7 SECRETS TO PERSONAL SIGNIFICANCE
(…THAT PEOPLE NEED AND WISH OTHERS KNEW THEY NEEDED THEM)
Bible Fact: Knowingly or unknowingly human beings seek daily in different ways and in different measures to find the paradise man once had with God in the beginning.
The Big Idea: People who are aware of the common personal significance needs (PSN) enable them to achieve more of the joys of success and peace in life.
Freud’s Structural and Topographical Models of Personality
Sigmund Freud’s Theory is quite complex for how our personalities developed. He also believed that different driving forces develop during growth stages which play an important role in how we interact with the world.
Structural Model (id, ego, superego)
According to Freud, we are born with our Id. The id is an important part of our personality because as newborns, it allows us to get our basic needs met. Freud believed that the id is based on our pleasure principle. In other words, the id wants whatever feels good at the time, with no consideration for the reality of the situation. When a child is hungry, the id wants food, and therefore the child cries. When the child needs to be changed, the id cries. When the child is uncomfortable, in pain, too hot, too cold, or just wants attention, the id speaks up until his or her needs are met.
The id doesn’t care about reality, about the needs of anyone else, only its own satisfaction. If you think about it, babies are not real considerate of their parents’ wishes. They have no care for time, whether their parents are sleeping, relaxing, eating dinner, or bathing. When the id wants something, nothing else is important.
Within the next three years, as the child interacts more and more with the world, the second part of the personality begins to develop. Freud called this part the Ego. The ego is based on the reality principle. The ego understands that other people have needs and desires and that sometimes being impulsive or selfish can hurt us in the long run. It’s the ego’s job to meet the needs of the id, while taking into consideration the reality of the situation.
By the age of five, the Superego develops. The Superego is the moral part of us and develops due to the moral and ethical restraints placed on us by our caregivers (parents). Many equate the superego with the conscience as it dictates our belief of right and wrong.
In a healthy person, according to Freud, the ego is the strongest so that it can satisfy the needs of the id, not upset the superego, and still take into consideration the reality of every situation. Not an easy job by any means, but if the id gets too strong, impulses and self-gratification (pleasure seeking) take over the person’s life. If the superego becomes too strong, the person would be driven by rigid morals, would be judgmental and unbending in his or her interactions with the world. You’ll learn how the ego maintains control as you continue to read.
Freud believed that the majority of what we experience in our lives, the underlying emotions, beliefs, feelings, and impulses are not available to us at a conscious level. He believed that most of what drives us is buried in our unconscious.
The role of the unconscious is only one part of the model. Freud also believed that everything we are aware of is stored in our conscious. Our conscious makes up a very small part of who we are. In other words, at any given time, we are only aware of a very small part of what makes up our personality; most of what we are is buried and inaccessible.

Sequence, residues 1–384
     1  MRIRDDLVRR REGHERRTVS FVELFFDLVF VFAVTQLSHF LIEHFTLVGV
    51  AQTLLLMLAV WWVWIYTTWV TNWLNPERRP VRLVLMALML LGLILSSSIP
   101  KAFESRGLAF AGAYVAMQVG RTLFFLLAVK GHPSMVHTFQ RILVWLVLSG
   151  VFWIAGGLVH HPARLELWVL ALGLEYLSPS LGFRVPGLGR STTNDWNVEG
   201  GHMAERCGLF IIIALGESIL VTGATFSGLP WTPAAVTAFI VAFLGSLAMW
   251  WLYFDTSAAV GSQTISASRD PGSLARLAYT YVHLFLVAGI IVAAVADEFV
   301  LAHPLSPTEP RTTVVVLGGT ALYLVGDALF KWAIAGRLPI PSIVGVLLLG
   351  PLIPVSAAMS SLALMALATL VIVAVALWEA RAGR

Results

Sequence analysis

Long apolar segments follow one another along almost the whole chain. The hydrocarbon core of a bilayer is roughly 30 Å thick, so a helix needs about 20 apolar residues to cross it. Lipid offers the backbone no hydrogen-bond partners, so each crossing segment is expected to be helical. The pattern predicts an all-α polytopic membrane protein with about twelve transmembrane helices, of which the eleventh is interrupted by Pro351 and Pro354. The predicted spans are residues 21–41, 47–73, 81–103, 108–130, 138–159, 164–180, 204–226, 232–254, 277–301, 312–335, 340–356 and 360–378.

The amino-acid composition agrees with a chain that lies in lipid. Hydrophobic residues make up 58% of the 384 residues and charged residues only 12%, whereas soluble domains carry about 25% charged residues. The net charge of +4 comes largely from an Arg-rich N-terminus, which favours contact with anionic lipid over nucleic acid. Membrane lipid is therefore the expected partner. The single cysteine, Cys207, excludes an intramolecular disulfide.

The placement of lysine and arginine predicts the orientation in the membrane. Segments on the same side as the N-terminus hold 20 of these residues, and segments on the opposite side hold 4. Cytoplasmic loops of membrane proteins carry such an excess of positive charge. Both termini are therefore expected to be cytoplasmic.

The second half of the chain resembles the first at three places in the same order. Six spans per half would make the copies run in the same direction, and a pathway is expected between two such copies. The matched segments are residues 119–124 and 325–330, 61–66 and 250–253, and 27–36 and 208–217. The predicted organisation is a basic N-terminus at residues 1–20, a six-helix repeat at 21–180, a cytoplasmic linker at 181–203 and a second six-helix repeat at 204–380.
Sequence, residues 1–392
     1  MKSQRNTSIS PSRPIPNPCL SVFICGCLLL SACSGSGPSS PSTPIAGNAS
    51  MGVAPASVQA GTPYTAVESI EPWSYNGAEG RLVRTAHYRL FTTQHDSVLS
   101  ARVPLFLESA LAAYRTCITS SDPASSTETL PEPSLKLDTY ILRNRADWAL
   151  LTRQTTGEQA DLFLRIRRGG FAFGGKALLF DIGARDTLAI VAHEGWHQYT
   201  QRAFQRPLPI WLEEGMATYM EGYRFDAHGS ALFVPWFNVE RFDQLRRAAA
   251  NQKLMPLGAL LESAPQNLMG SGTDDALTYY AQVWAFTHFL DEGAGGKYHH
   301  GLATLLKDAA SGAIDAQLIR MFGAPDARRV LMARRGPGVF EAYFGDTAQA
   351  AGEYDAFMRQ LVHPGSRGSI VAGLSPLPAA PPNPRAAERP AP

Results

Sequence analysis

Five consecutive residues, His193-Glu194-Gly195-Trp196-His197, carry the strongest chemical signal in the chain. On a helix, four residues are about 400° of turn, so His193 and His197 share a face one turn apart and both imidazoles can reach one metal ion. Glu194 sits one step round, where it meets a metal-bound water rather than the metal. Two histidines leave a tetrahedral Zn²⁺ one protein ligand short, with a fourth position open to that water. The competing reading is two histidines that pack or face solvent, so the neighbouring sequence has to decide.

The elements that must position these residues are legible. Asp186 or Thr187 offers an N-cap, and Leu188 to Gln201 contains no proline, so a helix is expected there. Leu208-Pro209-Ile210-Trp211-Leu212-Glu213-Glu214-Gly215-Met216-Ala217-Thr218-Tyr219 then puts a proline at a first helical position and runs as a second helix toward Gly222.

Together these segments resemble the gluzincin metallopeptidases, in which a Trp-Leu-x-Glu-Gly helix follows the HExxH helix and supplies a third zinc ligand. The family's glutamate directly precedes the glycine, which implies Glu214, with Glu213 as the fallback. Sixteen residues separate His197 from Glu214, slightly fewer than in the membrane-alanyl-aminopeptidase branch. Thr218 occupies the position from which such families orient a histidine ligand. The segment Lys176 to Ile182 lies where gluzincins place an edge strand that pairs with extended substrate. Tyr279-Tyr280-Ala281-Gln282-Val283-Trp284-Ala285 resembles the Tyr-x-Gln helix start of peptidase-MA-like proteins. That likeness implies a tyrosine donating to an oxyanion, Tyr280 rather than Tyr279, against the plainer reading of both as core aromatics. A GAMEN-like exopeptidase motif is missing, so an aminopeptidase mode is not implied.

The final part is the preconscious or subconscious. This is the part of us that we can access if prompted, but is not in our active conscious. It’s right below the surface, but still buried somewhat unless we search for it. Information such as our telephone number, addresses, past experiences and relationships, some childhood memories, or the name of your best childhood friend is stored in the preconscious.
Because the unconscious is so large, and because we are only aware of the very small conscious at any given time, this theory has been likened to an iceberg, where the vast majority is buried beneath the water’s surface. The water, by the way, would represent everything that we are not aware of, have not experienced, and that has not been integrated into our personalities, referred to as the nonconscious.
I. Man lost his/her joy in the Garden of Eden by allowing Satan to negotiate with their reasoning and reassigned their priorities to seek self-worth or to please self. Genesis 3:1-6
II. To be born again to experience Jesus Christ in the spirit aids in achieving the joy that God wants for us; John 3:3,5 (the mind illuminated, the heart is motivated & the will is captivated)
III. Pursuing and possessing temporal things seldom lead to reliable living that gives lasting joy; Matthew 6:30-34; Luke 15:13,14; I Timothy 6:6-12
IV. The Word of God is the Truth of God in which believer find directions to fullness of joy; Joshua 1:8; Psalm 1:2,3; Psalm 119:9-11; Psalm 119:165; 119:130; John 1:1-5; Mark 8:34-37;
V. The joy, peace and fulfillment of the Christian believer are found in experiencing Jesus Christ and His love;
A. It was the Christ experience that enabled Paul to fully surrendered to the sufficiency of God; Galatians 2:20
B. It was the Christ experience that directed Paul to the sufficiency of God; Acts 9:1-6, 15,16; II Corinthians 12:8-10; Philippians 4:18,19; Ephesians 3:8-11, 16-21
C. It was the Christ experience that gave Paul’s life fullness to live joyful; Colossians 2:6-10
D. It was the Christ experience that filled Paul with champion power to progress in his purpose; Romans 8:1-4,11,14, 37-39